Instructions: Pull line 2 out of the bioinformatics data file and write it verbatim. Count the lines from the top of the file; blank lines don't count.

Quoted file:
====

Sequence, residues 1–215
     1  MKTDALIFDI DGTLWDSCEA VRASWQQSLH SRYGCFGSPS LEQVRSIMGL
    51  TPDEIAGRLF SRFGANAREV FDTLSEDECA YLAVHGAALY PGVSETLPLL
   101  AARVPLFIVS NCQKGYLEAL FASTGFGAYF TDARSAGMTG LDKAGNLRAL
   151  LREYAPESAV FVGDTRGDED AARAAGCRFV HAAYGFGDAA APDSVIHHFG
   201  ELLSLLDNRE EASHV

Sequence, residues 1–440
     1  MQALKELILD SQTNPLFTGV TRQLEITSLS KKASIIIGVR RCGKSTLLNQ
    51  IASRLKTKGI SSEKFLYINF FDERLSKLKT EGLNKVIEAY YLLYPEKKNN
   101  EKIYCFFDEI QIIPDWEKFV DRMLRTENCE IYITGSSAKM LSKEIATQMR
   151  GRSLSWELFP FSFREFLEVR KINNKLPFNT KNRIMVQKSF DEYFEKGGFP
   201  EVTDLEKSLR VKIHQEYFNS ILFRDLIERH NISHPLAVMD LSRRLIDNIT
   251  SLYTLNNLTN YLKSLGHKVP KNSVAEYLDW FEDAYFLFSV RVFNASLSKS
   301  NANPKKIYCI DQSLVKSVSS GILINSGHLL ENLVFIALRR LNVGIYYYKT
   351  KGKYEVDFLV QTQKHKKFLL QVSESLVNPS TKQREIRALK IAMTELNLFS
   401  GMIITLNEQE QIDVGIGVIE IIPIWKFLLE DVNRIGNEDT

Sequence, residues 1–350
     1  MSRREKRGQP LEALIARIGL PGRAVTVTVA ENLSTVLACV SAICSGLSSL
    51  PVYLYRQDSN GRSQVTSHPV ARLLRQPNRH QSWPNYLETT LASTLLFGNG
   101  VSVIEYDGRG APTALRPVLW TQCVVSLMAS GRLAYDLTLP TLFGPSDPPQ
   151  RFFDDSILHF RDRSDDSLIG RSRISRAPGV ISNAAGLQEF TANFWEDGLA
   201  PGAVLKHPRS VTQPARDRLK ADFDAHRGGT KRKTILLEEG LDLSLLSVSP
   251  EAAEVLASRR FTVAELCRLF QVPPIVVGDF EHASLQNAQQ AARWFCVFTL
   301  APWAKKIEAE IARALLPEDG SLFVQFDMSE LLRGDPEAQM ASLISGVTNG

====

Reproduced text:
     1  MKTDALIFDI DGTLWDSCEA VRASWQQSLH SRYGCFGSPS LEQVRSIMGL